Seán O’Brien could sign for Toulon this weekend
Leinster flanker and Heaslip could still be club team-mates next season – in France
Leinster’s Seán O’Brien: his agent Fintan Drury denied that a meeting is scheduled to take place in Toulon this Friday. Photograph: Inpho
Seán O’Brien could sign for Toulon as early as this weekend it has emerged.
The Irish Times has learned that talks with the European champions are at an advanced stage, although last night O’Brien’s agent Fintan Drury denied that a meeting is scheduled to take place in Toulon this Friday.
The versatile Leinster, Ireland and Lions backrow is certain to miss the entire Six Nations, having undergone surgery following a dislocated shoulder sustained against Ulster on December 28th.
The 26-year old has played only eight games this season, following the Lions tour of Australia and a succession of injuries.
But that hasn’t dampened interest from Toulon owner Mourad Boudjellal and head coach Bernard Laporte as they strive to replace the retiring Joe van Niekerk and Perpignan-bound flanker Virgil Bruni.
The exodus also means O’Brien and Jamie Heaslip could still be club team-mates next season. Last month the Ireland vice-captain went to France to hear offers from both Toulon and Montpellier.
Springbok flanker Danie Rousouw may also leave the Top 14 club this summer, while their All Black number eight Chris Masoe is out until August with a knee injury.
Seemingly, the IRFU offer for Heaslip to stay in Dublin was less than the three-year deal that previously made him the highest-paid rugby player in Ireland, but there are appearance-based incentives to top up his salary.
The union’s negotiations with Munster pair Paul O’Connell, who needs a two-year deal to make the world cup in England, and Keith Earls are at an equally crucial juncture.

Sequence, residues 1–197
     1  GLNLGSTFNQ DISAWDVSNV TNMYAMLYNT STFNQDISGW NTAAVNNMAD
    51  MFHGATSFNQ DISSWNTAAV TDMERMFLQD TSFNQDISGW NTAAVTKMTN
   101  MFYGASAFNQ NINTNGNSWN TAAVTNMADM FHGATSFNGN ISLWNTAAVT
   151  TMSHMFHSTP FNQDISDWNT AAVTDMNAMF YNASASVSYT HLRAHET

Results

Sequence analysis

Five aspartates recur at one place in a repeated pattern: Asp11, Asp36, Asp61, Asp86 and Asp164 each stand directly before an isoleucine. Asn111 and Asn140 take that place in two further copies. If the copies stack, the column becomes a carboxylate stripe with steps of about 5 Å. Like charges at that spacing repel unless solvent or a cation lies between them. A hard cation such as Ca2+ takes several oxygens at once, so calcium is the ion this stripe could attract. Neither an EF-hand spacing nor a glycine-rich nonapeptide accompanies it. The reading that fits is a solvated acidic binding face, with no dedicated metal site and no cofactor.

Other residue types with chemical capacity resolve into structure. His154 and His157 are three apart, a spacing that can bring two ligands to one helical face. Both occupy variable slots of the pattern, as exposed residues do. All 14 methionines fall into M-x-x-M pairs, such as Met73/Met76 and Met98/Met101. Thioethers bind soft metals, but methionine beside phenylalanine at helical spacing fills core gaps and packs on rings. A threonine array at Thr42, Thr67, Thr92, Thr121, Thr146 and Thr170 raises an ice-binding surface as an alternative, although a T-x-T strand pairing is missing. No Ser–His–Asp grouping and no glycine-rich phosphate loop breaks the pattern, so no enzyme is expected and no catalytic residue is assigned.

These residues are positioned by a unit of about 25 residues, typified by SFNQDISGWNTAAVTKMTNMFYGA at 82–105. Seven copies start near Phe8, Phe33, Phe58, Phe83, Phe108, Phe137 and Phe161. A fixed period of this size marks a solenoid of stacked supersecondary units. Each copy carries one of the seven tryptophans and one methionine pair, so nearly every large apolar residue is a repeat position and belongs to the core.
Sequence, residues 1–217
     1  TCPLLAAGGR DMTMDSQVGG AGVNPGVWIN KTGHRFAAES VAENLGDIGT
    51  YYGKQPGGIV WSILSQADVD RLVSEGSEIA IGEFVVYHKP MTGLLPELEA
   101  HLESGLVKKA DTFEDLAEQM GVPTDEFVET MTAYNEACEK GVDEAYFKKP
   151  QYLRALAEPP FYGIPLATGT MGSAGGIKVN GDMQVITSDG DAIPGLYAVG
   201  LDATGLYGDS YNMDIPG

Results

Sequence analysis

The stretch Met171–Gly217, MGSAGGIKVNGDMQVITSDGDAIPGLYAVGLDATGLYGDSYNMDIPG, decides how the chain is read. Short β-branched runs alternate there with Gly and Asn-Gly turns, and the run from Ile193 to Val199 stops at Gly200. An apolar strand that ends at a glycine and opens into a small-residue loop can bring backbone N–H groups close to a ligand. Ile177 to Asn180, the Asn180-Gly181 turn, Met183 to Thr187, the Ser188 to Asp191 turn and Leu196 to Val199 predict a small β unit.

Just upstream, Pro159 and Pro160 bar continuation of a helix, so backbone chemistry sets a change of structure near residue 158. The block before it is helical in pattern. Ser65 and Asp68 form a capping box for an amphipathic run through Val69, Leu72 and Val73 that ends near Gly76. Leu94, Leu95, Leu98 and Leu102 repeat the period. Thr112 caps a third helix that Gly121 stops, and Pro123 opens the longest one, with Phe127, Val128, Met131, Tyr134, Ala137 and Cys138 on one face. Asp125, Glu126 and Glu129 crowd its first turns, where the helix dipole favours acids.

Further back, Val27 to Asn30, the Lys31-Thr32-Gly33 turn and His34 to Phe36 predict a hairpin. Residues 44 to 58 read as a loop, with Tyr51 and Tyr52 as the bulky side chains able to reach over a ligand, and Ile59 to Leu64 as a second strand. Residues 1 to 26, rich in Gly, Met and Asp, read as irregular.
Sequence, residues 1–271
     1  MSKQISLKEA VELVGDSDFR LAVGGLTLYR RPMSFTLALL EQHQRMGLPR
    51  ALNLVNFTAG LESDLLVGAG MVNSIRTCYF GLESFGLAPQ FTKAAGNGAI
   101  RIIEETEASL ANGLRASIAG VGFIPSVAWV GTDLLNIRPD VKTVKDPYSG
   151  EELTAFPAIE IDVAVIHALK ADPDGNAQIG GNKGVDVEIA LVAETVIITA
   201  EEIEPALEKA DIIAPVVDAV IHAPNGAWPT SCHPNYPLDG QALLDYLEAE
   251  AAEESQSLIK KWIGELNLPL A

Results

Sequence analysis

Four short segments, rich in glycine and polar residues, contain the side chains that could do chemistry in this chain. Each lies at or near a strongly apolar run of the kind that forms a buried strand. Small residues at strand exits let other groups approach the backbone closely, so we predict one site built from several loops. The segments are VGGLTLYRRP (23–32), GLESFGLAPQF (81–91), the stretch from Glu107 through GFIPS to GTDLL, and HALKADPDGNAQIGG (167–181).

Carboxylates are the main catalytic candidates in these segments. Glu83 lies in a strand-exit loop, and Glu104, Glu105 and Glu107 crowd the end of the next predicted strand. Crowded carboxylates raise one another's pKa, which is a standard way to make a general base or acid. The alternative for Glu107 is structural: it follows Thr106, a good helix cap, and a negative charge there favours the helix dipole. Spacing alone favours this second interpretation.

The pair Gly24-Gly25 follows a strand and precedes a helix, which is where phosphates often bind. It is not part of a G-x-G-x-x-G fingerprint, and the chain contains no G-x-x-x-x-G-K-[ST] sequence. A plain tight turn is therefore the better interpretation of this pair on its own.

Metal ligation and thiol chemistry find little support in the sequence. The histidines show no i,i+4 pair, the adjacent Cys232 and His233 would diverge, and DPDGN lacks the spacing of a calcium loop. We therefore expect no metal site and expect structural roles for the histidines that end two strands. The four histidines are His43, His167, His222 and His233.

In keeping with Limerick’s dominant theme of contracts and public positions, the future of Munster coach Rob Penney was central to conversation in the Treaty city yesterday as the club prepares for this weekend’s Heineken Cup visit to Gloucester.
It now seems to be a matter of when rather than if Penney will sign a contract to keep him with Munster for next season but the coach was reluctant to dwell on the matter for too long.
After a heartening morning session that included Conor Murray and Simon Zebo resuming “managed training” at UL, Munster are in good shape ahead of the turbulent January fixtures calendar and Penney was not overly concerned about his mailing address for next season.
“That’s part of something you all know, I’m keen to stay and as I said before, the organisation has been top class to deal with,” he said briskly.
“We’re focused on the footie at the moment. Garrett (Fitzgerald)’s really appreciative of the fact that he doesn’t want to have a distraction. I’m not really interested in a distraction at the moment. I’ve got something to focus on and we’ll just leave it at that for now but it is progressing well and all parties are pretty comfortable at the moment.”
Penney is clearly enjoying the challenges of guiding Munster through what might be defined as the post-O’Gara era and if the team’s form and attacking style was uneven last year, the opening months of this season have seen a revival of the club’s priceless habit of winning eminently losable games.
The shrill alarms following the 29-23 defeat to Edinburgh in the opening round of the Heineken Cup and falling into a 20-0 hole in Ravenhill against Ulster last Friday night (before losing 29-19) have, of course, illustrated a vulnerable dimension. But as form setters in the Rabo league and favourites to prolong a miserable period for Gloucester, Munster look in good shape.
“Well, performance-wise, we’ve got a long way to go,” Penney admitted. “We’re getting some outcomes, which is great credit to the lads, because they’re working very hard and deserve to get some reward at the end of the week because they are working well. Whether we’re copping too much criticism or not, I don’t really know. That’s for other people to decide, I just get along and try to do my best for this group and try to get the best out of them.”
Penney’s willingness to give youth its fling has seen several of Munster’s fringe players staking their claim this season. Observing the startling progression of players like scrumhalf Cathal Sheridan and hooker Duncan Casey has, he said, been “a great joy”.
The return of Murray and Zebo greatly enhances Munster’s attacking threat, while hooker Damian Varley, who suffered what Penney feared might prove a “catastrophic injury” to his foot against Ulster has been cleared by specialists and is also in the equation for this weekend, giving the coaching staff further selection issues.
The old days of players nailing down places at Munster are ending and Penney agreed that the retirement of Ronan O’Gara has made the choice of starting number 10 has made for interesting discussion.